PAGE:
On Continuity in Architecture

I recently visited Richard Meier’s evocative new seminary building in Hartford, Connecticut. It was everything the photographs promised it should be – pure, clean, and elegant, an exquisite mastery of space, light, and shape. It is a consummate work of an eminently skilled designer. Proud and robust from the outside, serene and moving on the interior, it is a truly beautiful object.

But visiting the Hartford Seminary was, for me, very much like seeing a good movie. It was a powerful experience, yet one which seemed disjointed both in place and time. Like other Meier works done in a similar vocabulary (e.g. Smith House in Darien, Connecticut, and Atheneum in New Harmony, Indiana), the seminary building is a world apart. It divorces itself from life in and around it. As in a movie theater, the exigencies of everyday existence become intrusions or interruptions.

The building is not, as perhaps it should have been, located in an extraterrestrial world. It is on a corner lot in a lovely old middle-class neighborhood with tree-lined streets and robust, characterful New England houses. Across a side street is the old seminary campus with gentle stone building volumes broken and carefully articulated to harmonize with, and yet intensify, the scale of the neighborhood. To stand beside the Meier building and glance across the street is like opening an emergency exit to broad daylight during the darkened fantasies of Star Wars. Everyday life, and especially the everyday context into which the building is placed, seems an encroachment, and obstruction.

The Hartford Seminary, like so much of the architectural work premiated as “outstanding” design today, rejects the notion of continuity with its context in favor of an abstract, recondite language of form which makes little deference to specific situation. This attitude has been a prevalent one since the beginning of the Modern Movement. Le Corbusier’s Plan Voisin for Paris, Mies’ Barcelona Pavilion, Wright’s Guggenheim Museum, and the U.S. Urban Renewal Program of the late 1960s all exemplify a repudiation of inherited context in favor of an idealized vision.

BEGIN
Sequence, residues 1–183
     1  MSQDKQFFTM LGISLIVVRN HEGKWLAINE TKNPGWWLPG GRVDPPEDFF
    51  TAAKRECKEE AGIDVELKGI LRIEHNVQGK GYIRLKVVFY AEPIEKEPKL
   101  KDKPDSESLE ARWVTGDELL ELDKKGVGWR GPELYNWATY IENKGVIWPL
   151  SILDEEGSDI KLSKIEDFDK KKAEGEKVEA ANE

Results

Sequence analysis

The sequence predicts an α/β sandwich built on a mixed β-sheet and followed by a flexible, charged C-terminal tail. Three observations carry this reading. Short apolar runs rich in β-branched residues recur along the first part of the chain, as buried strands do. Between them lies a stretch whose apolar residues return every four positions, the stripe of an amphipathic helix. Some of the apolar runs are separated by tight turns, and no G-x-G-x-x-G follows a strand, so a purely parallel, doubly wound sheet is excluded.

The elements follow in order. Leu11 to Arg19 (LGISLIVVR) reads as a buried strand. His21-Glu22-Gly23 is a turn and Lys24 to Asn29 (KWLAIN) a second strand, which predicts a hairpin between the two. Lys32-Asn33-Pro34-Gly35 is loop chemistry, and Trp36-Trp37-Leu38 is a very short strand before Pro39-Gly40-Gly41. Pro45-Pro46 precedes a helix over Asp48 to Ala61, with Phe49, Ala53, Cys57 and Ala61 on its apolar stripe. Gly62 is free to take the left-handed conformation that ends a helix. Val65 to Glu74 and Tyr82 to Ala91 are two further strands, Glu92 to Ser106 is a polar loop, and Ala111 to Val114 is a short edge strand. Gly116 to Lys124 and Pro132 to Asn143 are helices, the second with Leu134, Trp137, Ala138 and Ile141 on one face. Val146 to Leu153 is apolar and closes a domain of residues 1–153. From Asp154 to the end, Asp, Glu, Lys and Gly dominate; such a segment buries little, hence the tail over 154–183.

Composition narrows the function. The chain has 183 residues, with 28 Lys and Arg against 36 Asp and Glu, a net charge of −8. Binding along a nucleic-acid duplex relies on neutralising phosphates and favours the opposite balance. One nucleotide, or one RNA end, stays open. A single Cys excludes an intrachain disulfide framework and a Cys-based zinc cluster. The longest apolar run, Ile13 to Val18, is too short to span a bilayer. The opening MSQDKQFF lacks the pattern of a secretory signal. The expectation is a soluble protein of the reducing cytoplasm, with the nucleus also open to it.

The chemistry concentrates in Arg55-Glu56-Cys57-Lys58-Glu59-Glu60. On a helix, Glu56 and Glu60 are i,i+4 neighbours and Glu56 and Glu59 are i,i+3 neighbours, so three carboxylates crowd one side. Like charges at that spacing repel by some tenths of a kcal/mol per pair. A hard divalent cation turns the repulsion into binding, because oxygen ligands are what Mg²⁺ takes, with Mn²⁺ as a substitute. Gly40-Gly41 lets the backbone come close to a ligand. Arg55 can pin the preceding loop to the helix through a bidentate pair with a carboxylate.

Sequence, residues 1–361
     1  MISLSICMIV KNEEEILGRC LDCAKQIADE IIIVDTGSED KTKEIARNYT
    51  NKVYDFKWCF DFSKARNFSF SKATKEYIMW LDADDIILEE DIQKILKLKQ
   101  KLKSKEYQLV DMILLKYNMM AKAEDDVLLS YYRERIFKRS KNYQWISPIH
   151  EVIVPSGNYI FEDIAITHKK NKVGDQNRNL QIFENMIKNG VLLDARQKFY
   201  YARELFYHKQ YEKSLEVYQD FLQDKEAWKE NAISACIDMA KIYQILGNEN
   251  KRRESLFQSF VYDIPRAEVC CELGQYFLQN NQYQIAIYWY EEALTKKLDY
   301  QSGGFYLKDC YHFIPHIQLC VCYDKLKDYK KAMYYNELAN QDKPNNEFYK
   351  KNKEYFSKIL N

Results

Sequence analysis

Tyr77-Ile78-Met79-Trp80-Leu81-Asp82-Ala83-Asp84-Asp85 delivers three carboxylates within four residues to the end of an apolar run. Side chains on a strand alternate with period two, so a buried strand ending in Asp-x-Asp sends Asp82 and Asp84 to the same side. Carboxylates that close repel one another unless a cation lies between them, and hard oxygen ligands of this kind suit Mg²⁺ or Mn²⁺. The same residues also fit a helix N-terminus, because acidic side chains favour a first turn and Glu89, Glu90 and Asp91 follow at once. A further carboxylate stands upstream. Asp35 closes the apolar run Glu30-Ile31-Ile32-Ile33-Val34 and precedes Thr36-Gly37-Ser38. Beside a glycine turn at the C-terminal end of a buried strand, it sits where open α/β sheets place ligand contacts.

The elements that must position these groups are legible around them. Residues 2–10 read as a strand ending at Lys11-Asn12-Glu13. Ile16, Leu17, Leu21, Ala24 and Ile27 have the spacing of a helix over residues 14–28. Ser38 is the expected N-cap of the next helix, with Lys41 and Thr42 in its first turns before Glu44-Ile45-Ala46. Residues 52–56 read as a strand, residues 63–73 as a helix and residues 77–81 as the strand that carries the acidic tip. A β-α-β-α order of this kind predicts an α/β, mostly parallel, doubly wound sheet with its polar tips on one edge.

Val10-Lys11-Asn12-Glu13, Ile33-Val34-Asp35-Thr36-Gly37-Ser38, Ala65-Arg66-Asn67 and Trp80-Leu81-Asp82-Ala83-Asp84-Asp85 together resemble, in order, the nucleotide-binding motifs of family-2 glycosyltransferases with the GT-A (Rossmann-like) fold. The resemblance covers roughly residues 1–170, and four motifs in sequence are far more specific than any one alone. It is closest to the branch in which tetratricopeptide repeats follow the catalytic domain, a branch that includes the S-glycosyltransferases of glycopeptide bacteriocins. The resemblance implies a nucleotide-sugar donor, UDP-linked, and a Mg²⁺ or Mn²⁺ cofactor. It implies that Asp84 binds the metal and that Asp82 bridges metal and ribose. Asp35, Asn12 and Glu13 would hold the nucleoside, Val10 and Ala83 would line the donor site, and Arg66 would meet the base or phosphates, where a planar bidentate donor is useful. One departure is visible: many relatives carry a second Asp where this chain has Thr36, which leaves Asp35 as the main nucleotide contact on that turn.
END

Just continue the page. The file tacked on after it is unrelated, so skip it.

A Clean Slate
Modern architecture loved a clean slate. New towns like Chandigarh or Brasilia were deemed near perfect opportunities while messy, constrained, irregular urban sites seemed far less promising. When the canvas wasn’t clean, a bit of bulldozing often was judged in order. When bulldozing was not an option, it became necessary to crop one’s vision (and, of course, all documentary photographs) to exclude the unwanted environment under the assumption that, in time, progress would rectify the situation. Modernism’s faith in its universality and its ideal forms precluded anything but token accommodation to context.

The result of this attitude applied broadly over a period of 30 or 40 years is only now becoming fully apparent. In almost every Texas city and town, one finds glaring examples of streets, neighborhoods, and communities which have been badly eroded or at least pockmarked by interventions seeking abstruse ideals over quotidian ones. Often our most talented designers have been caught up in promoting the tenets of some current dogma rather than addressing the endlessly fascinating challenge of specific situations and real problems.